The organizational values statement: What and why

I’ve always thanked my lucky stars that I never had to write a client’s organizational values statement. The secular Ten Commandments of the working world—a list of things that the organization purports to believe—these things always start out with the best intentions. But in the end people always load them down with mushy language. They end up as lofty, aspirational descriptions of “who we should be” than as actual descriptions of “who we are.”

Also, usually they’re way too long to remember. When an employee tries to choose between two courses of action, wading through nine pillars or ten cornerstones or whatever gimmick the company dreams up takes too much time.

Contrast this with Google’s famously terse, hipster-chic values statement:

“Don’t be evil.”

Sadly, this concise masterpiece has now been supplanted by a more traditional code, nearly 900 words long. It morphs “Don’t be evil” into the much more specific:

“Employees of Alphabet [Google’s new holding company] and its subsidiaries and controlled affiliates should do the right thing—follow the law, act honorably, and treat each other with respect.”

You can always tell when a piece of writing has passed through a lawyer’s computer; everything gets spelled out in triplicate. That said, I applaud the change of focus from what employees shouldn’t do to what they should.

Values Statement: My turn? (Really?)

As I said at the beginning of this post, I’ve managed to avoid writing values statements for my clients. But last week I hired an assistant, a recent college graduate, to help me with some of my social media and marketing efforts.

She’s a writer herself, so she’s got the chops for the job. But she hasn’t had a lot of experience working with organizations. And she doesn’t know much about me other than what she’s read in this very blog.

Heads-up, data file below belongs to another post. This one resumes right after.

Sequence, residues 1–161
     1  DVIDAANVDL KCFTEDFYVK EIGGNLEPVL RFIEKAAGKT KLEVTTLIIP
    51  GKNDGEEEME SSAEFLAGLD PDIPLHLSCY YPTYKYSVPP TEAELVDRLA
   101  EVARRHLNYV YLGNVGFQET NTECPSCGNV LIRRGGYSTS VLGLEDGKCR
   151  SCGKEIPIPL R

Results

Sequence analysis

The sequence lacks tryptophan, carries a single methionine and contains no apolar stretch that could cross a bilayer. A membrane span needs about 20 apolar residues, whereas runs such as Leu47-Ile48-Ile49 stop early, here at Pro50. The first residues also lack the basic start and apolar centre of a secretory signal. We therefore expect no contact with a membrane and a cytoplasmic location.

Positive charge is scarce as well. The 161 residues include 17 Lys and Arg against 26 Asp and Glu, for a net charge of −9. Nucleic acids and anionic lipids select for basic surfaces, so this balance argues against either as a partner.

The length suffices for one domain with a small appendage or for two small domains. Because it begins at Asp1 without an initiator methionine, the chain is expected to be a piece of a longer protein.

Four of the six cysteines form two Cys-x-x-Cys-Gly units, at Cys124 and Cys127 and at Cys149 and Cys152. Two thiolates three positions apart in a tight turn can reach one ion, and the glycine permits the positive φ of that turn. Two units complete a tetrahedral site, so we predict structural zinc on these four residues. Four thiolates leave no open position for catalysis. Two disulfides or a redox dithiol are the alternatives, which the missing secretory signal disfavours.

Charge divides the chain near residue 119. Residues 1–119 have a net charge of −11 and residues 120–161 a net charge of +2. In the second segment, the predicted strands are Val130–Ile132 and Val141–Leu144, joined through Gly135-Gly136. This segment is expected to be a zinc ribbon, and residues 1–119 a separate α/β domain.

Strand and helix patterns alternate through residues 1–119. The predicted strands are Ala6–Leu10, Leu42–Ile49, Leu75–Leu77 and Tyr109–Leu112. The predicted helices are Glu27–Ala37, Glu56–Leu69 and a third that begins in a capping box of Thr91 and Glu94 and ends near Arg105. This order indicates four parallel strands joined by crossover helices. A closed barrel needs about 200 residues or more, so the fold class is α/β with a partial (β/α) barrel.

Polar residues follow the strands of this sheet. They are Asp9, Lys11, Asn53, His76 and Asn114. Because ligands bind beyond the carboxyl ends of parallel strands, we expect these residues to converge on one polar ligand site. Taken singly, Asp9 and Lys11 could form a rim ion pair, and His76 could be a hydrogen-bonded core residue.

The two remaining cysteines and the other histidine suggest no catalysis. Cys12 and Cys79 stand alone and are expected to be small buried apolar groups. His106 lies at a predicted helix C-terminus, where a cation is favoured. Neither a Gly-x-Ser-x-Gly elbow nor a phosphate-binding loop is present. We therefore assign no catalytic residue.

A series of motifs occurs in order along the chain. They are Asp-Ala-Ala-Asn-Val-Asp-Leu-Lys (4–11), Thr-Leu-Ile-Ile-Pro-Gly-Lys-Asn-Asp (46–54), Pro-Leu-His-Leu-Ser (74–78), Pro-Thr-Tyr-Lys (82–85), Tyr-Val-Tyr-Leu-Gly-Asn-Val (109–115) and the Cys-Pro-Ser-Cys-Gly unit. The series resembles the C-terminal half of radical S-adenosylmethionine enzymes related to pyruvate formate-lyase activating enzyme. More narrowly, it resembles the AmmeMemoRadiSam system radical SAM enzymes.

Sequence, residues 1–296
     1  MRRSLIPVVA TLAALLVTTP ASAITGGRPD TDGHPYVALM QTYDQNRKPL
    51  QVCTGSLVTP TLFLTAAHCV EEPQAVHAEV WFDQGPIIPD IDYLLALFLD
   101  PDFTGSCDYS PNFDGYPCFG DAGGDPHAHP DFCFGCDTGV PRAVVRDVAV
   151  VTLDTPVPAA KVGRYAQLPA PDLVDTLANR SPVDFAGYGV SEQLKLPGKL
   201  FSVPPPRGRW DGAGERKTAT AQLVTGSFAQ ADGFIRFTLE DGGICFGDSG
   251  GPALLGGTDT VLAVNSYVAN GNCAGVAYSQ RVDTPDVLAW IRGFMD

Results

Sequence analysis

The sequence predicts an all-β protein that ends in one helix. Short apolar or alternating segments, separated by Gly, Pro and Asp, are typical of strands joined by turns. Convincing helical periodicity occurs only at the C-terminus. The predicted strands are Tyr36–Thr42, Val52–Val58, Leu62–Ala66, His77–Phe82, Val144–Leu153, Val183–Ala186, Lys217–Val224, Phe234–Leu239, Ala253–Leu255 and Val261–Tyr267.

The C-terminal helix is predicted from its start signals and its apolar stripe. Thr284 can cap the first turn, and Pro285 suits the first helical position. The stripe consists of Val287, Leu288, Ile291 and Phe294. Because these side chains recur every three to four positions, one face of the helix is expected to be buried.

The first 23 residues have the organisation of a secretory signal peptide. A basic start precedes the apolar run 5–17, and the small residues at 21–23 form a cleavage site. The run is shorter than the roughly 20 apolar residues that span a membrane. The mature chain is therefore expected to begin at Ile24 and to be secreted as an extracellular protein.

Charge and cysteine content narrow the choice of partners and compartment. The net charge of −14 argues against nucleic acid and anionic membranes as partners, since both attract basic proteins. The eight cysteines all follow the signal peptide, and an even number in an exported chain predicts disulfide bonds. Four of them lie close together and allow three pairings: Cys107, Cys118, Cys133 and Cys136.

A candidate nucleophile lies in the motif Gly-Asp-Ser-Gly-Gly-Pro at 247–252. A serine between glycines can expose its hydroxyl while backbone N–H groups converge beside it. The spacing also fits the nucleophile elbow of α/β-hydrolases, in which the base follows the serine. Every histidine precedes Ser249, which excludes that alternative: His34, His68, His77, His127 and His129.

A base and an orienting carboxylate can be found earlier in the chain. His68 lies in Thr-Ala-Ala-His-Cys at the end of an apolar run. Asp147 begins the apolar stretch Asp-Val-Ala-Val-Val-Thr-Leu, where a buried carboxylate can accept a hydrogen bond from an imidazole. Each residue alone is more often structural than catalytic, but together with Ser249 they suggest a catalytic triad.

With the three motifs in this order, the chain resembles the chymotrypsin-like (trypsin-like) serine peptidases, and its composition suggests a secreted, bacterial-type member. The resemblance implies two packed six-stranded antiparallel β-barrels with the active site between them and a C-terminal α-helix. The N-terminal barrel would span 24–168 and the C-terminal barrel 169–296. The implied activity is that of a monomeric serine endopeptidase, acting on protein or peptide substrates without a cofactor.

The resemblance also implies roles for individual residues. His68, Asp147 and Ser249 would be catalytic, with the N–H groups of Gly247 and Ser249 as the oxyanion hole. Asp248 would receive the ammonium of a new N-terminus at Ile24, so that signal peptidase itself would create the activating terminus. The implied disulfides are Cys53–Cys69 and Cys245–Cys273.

How get her up to speed with who I am and what I do?

At first I thought I’d just write a couple of sentences. But people can forget sentences. I needed something snappy and memorable. I needed—oh, God, do I really? Yes, it was inescapable: I needed a values statement.

Bennett Ink Core Values

Giving GIFTS to everyone we interact with, from long-time clients to casual readers.

“GIFTS” is a mnemonic for the five qualities I want people to associate with me or my work:


*our humor can be sassy with a little attitude, but it’s never sarcastic

It wasn’t as painful as I thought it would be. For one thing, I didn’t do it by committee (well, I tried to delegate to Fenway but she doesn’t work during chipmunk season).

For another thing, these aren’t stretch goals—this is really who (I believe) I am. And I often find clients reflecting these values back to me: the woman who listened to my podcast interview and wrote to thank me for my generosity. This feedback from my free elevator speech webinar:

“I got more than I expected. You are a wonderful and very effective communicator.”

That’s what we’re about here at Bennett Ink, “more than I expected.”

Is it cheesy to put that into a mnemonic? Frankly, I don’t care. I’d create a Dr. Seuss rhyme out of it if that’s what it took for my new colleague to remember what kind of behavior and work I expect.

That’s the real purpose of a value statement. Whether it’s for an organization of thousands or one whose “all-hands meeting” could fit at a table in Starbucks.

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